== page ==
Set up and operate equipment that mixes or blends ingredients used in the manufacturing of food products. Includes candy makers and cheese makers.
Record production and test data for each food product batch, such as the ingredients used, temperature, test results, and time cycle.
Follow recipes to produce food products of specified flavor, texture, clarity, bouquet, or color.
Set up, operate, and tend equipment that cooks, mixes, blends, or processes ingredients in the manufacturing of food products, according to formulas or recipes.
Mix or blend ingredients, according to recipes, using a paddle or an agitator, or by controlling vats that heat and mix ingredients.
Clean and sterilize vats and factory processing areas.
Select and measure or weigh ingredients, using English or metric measures and balance scales.
Turn valve controls to start equipment and to adjust operation to maintain product quality.
Press switches and turn knobs to start, adjust, and regulate equipment such as beaters, extruders, discharge pipes, and salt pumps.
Observe gauges and thermometers to determine if the mixing chamber temperature is within specified limits, and turn valves to control the temperature.
Observe and listen to equipment to detect possible malfunctions, such as leaks or plugging, and report malfunctions or undesirable tastes to supervisors.
Fill processing or cooking containers, such as kettles, rotating cookers, pressure cookers, or vats, with ingredients, by opening valves, by starting pumps or injectors, or by hand.
Grade food products according to government regulations or according to type, color, bouquet, and moisture content.
Test food product samples for moisture content, acidity level, specific gravity, or butter-fat content, and continue processing until desired levels are reached.
Modify cooking and forming operations based on the results of sampling processes, adjusting time cycles and ingredients to achieve desired qualities, such as firmness or texture.
Inspect vats after cleaning to ensure that fermentable residue has been removed.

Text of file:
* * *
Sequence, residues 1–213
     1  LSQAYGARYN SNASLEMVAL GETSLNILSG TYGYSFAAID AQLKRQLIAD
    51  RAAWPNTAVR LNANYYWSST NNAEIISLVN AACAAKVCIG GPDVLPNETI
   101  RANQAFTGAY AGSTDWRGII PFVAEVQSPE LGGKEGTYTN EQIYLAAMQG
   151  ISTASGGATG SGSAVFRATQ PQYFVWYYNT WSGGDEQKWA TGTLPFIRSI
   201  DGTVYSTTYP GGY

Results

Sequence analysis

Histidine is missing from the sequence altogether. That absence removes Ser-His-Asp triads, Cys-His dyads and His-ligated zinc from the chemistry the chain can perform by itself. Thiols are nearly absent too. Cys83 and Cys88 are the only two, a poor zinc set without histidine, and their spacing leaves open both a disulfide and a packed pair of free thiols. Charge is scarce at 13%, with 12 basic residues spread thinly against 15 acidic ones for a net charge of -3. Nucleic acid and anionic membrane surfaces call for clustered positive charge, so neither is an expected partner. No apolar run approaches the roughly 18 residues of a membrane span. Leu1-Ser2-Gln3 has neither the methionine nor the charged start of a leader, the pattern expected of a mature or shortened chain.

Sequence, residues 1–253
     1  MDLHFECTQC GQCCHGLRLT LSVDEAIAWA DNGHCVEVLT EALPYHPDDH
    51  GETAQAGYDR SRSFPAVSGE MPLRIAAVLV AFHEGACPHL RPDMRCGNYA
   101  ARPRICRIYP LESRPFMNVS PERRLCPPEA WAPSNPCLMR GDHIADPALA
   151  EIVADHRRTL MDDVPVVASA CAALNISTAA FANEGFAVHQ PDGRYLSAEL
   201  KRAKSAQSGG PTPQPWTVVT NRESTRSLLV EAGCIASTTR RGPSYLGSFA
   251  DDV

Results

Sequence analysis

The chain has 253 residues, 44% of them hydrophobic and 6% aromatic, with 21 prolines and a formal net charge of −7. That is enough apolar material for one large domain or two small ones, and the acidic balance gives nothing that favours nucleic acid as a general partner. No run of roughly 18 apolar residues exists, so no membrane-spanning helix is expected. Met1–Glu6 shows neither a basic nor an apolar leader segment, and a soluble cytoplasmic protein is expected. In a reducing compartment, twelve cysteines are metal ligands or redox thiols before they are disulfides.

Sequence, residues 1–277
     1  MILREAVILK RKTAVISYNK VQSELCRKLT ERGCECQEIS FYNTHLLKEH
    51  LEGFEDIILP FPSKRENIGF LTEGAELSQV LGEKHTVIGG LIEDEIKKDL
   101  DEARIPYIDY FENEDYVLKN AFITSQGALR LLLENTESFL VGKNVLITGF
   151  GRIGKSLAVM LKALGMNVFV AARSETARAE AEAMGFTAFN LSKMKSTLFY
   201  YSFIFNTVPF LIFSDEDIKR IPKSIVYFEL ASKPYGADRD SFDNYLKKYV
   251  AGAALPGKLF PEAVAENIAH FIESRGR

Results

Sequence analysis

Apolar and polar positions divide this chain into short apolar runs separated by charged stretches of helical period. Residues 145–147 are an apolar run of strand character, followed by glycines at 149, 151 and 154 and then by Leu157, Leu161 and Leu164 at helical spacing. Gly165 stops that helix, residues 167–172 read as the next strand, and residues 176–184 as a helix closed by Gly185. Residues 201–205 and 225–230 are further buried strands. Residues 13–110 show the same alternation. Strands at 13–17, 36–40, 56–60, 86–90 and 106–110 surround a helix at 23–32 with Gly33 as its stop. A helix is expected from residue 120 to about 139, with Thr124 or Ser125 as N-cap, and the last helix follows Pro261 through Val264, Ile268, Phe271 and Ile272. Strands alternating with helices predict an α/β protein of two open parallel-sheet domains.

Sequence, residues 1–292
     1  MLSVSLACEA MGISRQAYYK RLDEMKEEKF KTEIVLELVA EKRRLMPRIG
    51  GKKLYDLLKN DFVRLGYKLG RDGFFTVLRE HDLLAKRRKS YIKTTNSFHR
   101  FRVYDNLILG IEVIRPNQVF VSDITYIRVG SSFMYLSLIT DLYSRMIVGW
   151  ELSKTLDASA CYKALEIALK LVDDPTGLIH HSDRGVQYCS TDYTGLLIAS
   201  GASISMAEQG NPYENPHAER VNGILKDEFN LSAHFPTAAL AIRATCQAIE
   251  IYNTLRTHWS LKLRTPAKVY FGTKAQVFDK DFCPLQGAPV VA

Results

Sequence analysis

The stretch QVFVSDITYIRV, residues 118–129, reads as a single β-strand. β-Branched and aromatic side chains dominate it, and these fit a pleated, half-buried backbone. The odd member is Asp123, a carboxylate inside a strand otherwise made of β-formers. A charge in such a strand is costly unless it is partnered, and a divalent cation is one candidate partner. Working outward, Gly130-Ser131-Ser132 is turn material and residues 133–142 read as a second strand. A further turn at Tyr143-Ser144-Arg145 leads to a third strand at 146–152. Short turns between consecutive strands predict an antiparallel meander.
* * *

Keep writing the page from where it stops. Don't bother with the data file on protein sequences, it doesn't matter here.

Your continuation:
Examine, feel, and taste product samples during production to evaluate quality, color, texture, flavor, and bouquet, and document the results.
Determine mixing sequences, based on knowledge of temperature effects and of the solubility of specific ingredients.
Inspect and pack the final product.
Manipulate products, by hand or using machines, to separate, spread, knead, spin, cast, cut, pull, or roll products.
Give directions to other workers who are assisting in the batchmaking process.
Operate refining machines to reduce the particle size of cooked batches.
Formulate or modify recipes for specific kinds of food products.
Place products on carts or conveyors to transfer them to the next stage of processing.
Cool food product batches on slabs or in water-cooled kettles.
Homogenize or pasteurize material to prevent separation or to obtain prescribed butterfat content, using a homogenizing device.
Economics and Accounting
Knowledge of economic and accounting principles and practices, the financial markets, banking and the analysis and reporting of financial data.
Philosophy and Theology
Knowledge of different philosophical systems and religions. This includes their basic principles, values, ethics, ways of thinking, customs, practices, and their impact on human culture.
Sociology and Anthropology
Knowledge of group behavior and dynamics, societal trends and influences, human migrations, ethnicity, cultures and their history and origins.
Knowledge of the structure and content of a foreign (non-English) language including the meaning and spelling of words, rules of composition and grammar, and pronunciation.
Writing computer programs for various purposes.
Installing equipment, machines, wiring, or programs to meet specifications.
Management of Financial Resources
Determining how money will be spent to get the work done, and accounting for these expenditures.